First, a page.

Hughes wrote "The Weary Blues" in free verse with an irregular rhyme scheme. “The musician plays until the night is at its darkest, at which time the singer goes to bed and sleeps like a man who is dead.” These last lines are abnormal but also represent the importance of the singer's music. “Hughes suggests that the singer has achieved an emotional release through his music. Instead of turning to violence, suicide, drink, or some other desperate measure to numb to his pain, the singer is able to channel his anger, sadness, and weariness into his music.” (Blues narrative pg. 110) Similarly, Hughes's verse is musical, as he repeats the line “He did a lazy sway.” The musician rocks back and forth on his stool while playing a mournful tune that comes from his soul. The speaker describes the musician's tone as “melancholy," which could also describe the poem itself, especially the ending. The musician thumps his feet on the floor over and over again, and Langston Hughes echoes these beats by repeating the word "thump." The singer’s struggle to master his pain captures the essence of the blues and something of the deeper nature of Harlem in the 1920’s.
Langston Hughes made a big impact through his works. “His characters express themselves through traditional songs and song forms, and he pioneered in adapting the twelve-bar blues form to the printed page.” (Hughes/Olsen p. 5) He recorded his poetry with jazz bands, most notably with Charles Mingus in 1958 on the album Weary Blues. “Hughes represented the blues in his fiction, promoted the genre in his essays, and popularized written blues poetry more widely than perhaps any prior literary figure.” (Blues narrative pg. 144)
His life and work were enormously important in shaping the artistic contributions of the Harlem Renaissance of the 1920s. Unlike other notable black poets of the period. Hughes refused to differentiate between his personal experience and the common experience of black America. He wanted to tell the stories of his people in ways that reflected their actual culture, including both their suffering and their love of music, laughter, and language itself. “When Langston Hughes wasn’t writing, you could find him promoting the work of other authors. He didn’t write to become an academic.” (Asian P.) He wanted to give a voice to the average person who was struggling in their pursuit of happiness. Because of this, his influence is still felt even today, nearly 50 years after his death. Hughes Died May 22, 1967 at the aged of 65 due to complications of prostate cancer. Hughes' “Panther and the Lash” was published after his death. In 1973 the first Langston Hughes Medal was given out by The City College of New York. The City College of New York annually recognizes an influential African American writer with the Langston Hughes Medal. This is a lasting testament to the legacy that this prolific writer left the world through his words. The state of New York made the home a landmark in 1981 and it was added to the National Register of Places just a year later. In February 2002 the U.S. Postal Service issued a commemorative stamp honoring Langston Hughes. This stamp was the 25th in the Black Heritage series and marked Hughes's 100th birthday.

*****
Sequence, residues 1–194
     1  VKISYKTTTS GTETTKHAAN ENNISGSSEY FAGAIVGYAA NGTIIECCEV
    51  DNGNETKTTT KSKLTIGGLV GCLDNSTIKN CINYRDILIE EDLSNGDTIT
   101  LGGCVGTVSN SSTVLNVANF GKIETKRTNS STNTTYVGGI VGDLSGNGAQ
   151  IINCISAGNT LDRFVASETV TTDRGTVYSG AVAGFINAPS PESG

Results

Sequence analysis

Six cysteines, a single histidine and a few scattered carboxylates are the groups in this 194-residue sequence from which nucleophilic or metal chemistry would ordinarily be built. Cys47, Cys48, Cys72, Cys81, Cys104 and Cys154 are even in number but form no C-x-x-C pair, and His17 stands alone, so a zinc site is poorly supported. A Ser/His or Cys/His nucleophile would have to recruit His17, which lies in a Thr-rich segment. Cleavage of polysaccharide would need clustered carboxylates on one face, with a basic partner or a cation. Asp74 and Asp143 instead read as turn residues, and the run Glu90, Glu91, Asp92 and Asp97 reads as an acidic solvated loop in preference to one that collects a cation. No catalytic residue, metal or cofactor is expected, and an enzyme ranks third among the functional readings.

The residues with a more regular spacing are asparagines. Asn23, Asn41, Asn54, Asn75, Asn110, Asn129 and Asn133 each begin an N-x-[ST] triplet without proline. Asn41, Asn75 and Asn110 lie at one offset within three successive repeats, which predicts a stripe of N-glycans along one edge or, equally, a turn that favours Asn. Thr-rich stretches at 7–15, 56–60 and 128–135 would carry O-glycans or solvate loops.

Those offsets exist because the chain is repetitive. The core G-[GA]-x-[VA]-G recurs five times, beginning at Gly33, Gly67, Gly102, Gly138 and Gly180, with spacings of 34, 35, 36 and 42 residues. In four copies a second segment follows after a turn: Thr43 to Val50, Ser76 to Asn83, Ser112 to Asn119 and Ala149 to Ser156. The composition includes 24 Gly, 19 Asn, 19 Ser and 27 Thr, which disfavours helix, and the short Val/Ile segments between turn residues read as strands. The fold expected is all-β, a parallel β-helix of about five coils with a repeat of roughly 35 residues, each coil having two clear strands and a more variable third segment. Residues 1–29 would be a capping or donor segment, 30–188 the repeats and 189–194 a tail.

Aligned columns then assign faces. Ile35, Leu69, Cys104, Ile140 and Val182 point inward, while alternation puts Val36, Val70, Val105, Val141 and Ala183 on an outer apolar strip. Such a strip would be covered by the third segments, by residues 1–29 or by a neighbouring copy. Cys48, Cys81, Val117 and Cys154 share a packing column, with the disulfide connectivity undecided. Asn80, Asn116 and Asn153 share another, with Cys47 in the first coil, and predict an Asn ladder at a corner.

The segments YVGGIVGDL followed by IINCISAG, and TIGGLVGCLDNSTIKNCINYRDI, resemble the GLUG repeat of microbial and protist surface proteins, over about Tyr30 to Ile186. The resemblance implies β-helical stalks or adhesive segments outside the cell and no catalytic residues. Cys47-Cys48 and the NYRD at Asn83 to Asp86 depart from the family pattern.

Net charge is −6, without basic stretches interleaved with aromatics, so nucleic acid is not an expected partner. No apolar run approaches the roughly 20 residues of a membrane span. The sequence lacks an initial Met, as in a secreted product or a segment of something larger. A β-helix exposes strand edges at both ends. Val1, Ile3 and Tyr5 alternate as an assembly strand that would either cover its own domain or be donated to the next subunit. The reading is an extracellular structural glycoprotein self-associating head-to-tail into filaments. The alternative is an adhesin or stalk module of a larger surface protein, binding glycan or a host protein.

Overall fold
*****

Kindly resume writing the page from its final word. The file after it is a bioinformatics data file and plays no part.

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Works Cited

"Langston Hughes Biography: African-American History: Crossing Boundaries: Kansas Humanities Council." Langston Hughes Biography: African-American History: Crossing Boundaries: Kansas Humanities Council. N.p., n.d. Web. 18 Apr. 2016.

Lempert, Benjamin R. "Hughes/Olson: Whose Music? Whose Era?." American Literature 87.2 (2015): 303-330. MasterFILE Elite. Web. 18 Apr. 2016.

Barlow, Daniel. "Blues Narrative Form, African American Fiction, And The African Diaspora." Narrative 24.2 (2016): 134-155. Academic Search Complete. Web. 18 Apr. 2016.

New Works Cited Page
Asian Pacific. N.p., 29 Nov. 2014. Web. <http://apecsec.org/5-fun-facts-about-langston-hughes/>.